I’ve done business in 49 states in the United States and working with one-on-one with folks, like I’m doing with you as an example. So if you’re my client, and you hire me on, and I’m going to fly to Winnipeg as the example, I’m going to say, “Hey, look. Here’s 10 postcards. You need to test everyone of these and see which one’s going to get you the best return in your market.”
And I’ve had it, and people go, “Wait, so you’re saying … But I thought you were the expert?” And I’m like, “Yes, I am the expert in this.” And they go, “Well, why can’t you tell me which one’s going to work in Winnipeg because I’ve never sent a mailer to Winnipeg?” “That’s exactly why.” And they’re like, “Oh, okay, well, I guess this makes sense,” and now, I’ve given you 10 postcards that you need to go out and we need to test and see which one’s going to actually get your phone to ring the most out of all the 10.
Then you’re going to take that one that worked the best, and you’re going to take the other nine, and you’re going to start testing it against it, every single week or every three to four weeks, however often your budget allows you to send another set of mailers. Making sense?

Stefan Aarnio: I love it. I love it, man. We got a binder in our office with the piece we sent, the stats. You flip through it, and you see, oh, the blue sticker on it was better than the red sticker [crosstalk 00:22:13].

Travis Howard: Exactly.

Stefan Aarnio: And the red ink is better than the blue ink. And the lines on the paper is better than no lines. What I love about what you’re saying, Travis, is it really concerns something for me. We’re doing some online PPC, paper click, right now.
And a lot of guys are saying it’s about three grand to get a deal. And you’re saying it’s 2,000 mailers [to get a deal 00:22:36]. Up here, mailers costs me about $1.45 a piece at postage and a letter and the print and getting [crosstalk 00:22:42].
In Canada, we have to go to the city and pull every single tax roll manually. So to pay someone to do that and drive the neighborhood and [inaudible 00:22:51] $1.45 a piece. And 2,000 units at $1.45 is 3,000 bucks, which is the same as PPC, which is 3,000 bucks a deal. It’s the same thing, and you’ll make 10, 15 grand a deal.
The numbers, what I love about it is the truth is the truth. And no matter where you go across the line, it’s going to be the same kind of thing to get the same result. I love it, man. It’s-

Travis Howard: Exactly, yeah, because you got to … Yeah, exactly, because you got to know exactly what your costs per lead is and your costs per closing. That’s the whole piece.
It’s hilarious to me that you said that. We don’t have any left now, but just about three years ago, we had city offices that I still would have to go to and do the exact same thing, what you were just talking about, and go hit their old-school computer in their office to be able to get the owner’s name, the owner’s address, and actually speaking off, just so that you can understand how to do it, and I used what’s called Click2Mail. I don’t know what or who you use for your mailers or how you got to do it.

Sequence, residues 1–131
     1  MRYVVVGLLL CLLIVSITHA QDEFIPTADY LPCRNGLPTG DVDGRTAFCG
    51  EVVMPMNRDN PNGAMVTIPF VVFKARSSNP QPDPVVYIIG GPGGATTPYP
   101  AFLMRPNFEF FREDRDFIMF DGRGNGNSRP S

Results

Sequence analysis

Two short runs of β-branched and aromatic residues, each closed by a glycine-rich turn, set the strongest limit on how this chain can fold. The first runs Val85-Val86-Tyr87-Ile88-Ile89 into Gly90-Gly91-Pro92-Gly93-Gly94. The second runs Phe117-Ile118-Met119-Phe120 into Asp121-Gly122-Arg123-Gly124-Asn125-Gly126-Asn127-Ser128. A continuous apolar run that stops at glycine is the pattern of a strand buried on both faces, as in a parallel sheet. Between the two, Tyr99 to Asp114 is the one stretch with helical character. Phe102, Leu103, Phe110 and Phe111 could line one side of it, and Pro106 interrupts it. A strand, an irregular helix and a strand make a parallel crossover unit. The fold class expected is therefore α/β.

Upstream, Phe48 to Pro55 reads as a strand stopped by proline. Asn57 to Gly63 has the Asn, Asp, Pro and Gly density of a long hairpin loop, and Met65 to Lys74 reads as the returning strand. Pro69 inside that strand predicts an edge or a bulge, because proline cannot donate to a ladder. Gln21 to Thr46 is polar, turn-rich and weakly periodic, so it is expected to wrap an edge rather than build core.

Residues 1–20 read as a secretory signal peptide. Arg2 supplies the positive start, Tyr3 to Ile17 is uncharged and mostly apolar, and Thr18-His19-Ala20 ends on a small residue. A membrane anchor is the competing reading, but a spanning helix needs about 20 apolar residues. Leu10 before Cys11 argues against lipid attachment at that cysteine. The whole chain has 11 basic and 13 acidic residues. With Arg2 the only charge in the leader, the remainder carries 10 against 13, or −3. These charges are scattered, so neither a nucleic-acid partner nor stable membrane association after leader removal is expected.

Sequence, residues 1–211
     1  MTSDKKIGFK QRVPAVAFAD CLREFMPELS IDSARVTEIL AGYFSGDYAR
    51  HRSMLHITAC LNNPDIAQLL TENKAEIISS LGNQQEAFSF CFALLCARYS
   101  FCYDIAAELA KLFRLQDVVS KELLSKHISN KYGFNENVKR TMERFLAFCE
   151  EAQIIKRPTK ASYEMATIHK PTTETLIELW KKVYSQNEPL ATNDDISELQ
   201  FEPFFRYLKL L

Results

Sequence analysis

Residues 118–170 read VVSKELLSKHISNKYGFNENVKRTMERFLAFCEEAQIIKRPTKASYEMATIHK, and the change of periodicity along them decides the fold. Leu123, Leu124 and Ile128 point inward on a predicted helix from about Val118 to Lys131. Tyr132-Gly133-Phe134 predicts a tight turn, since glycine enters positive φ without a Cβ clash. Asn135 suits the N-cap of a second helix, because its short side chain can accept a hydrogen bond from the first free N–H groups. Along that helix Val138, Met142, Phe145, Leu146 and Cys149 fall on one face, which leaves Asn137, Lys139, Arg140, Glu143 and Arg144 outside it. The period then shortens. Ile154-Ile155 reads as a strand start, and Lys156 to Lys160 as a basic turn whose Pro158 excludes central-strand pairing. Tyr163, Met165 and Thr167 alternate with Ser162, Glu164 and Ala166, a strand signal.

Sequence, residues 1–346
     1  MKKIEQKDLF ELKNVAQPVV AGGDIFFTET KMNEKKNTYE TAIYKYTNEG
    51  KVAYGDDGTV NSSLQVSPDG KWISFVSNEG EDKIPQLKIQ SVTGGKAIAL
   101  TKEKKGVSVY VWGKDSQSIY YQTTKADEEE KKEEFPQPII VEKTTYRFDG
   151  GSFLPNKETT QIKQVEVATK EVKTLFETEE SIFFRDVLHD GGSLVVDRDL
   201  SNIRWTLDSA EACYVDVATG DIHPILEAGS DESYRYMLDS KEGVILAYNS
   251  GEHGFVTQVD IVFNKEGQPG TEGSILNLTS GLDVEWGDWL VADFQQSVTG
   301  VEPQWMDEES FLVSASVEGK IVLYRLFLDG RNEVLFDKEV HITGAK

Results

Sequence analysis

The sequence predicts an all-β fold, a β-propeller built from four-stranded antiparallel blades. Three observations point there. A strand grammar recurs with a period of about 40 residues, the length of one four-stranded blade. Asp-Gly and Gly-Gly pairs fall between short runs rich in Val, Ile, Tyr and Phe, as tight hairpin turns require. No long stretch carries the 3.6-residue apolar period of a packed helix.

Stefan Aarnio: We do it ghetto, man. Microsoft Excel mail merge, so ghetto.

Travis Howard: Nice.

Stefan Aarnio: Ghetto, man.

Travis Howard: That’s great, so what we have setup is, is Click2Mail. So it’s click, the number two, mail.com is what I use. And that’s in the US because it’s United States Postal Service website. And I upload that Excel spreadsheet that you have to go and get, right?
I’ve already gotten my credit or my credit cards in there. Now, I’ve got my mailing list uploaded, and now all I’ve got to go is make my postcard. And after that, all I’ve got to do is hit enter. And that maybe sent out.
It normally takes three to four days, and they start hitting … And the people in my state will receive a postcard from me within, normally, the first three to five days that I’ve sent. And about day number seven, the out-of-state owners in North Carolina will start receiving all of my mail. So I [inaudible 00:24:40] I think is [timed out 00:24:41].

Stefan Aarnio: I was going to say we’ve done direct mail. Now, we’re a little smaller up here. We’re doing 200, 300 pieces a week consistently, and what would happen is everybody would call at Wednesday at 2:00 when the mail guy dropped it off. So then you get 100 calls, all coming in. And then it would have a [half life 00:25:00] over seven days. And we’d be less and less and less. And then after about week, it’d be totally dead. And you get some guy calling you a year later who’s crazy.

Travis Howard: You’re exactly right, 100 .. No, 100%, and I know you really do mailers by what you just said. That’s how I can always tell. And that’s what’s so phenomenal is, yeah, because your first week, you get blown up. Our phone starts ringing at 3:30, normally because we’ll send it Friday or Saturday. Monday, our phone starts pounding. At 3:30 to 4:00, we’ll start getting calls, boom, boom, boom, boom, boom, and handing the phone off to everybody, right?
So it will. It’ll last a week. I’m still getting pounded, and it drops through the days. But every mailer, I would tell everybody that you have two weeks. After two weeks, then there’s those outliers, but normally, those are the ones that I’ll even get. But it’ll be six months down the road.
But yeah, it’s two-week timeframe is what I tell everybody. I don’t know how they do it in Winnipeg or how you guys, how mailers and everything will work, but as an example, [depending 00:25:56] on your budget, we send mailers every single week, not to the same house, because we want to hit five to seven mailers per house, whenever we’re sending [inaudible 00:26:05].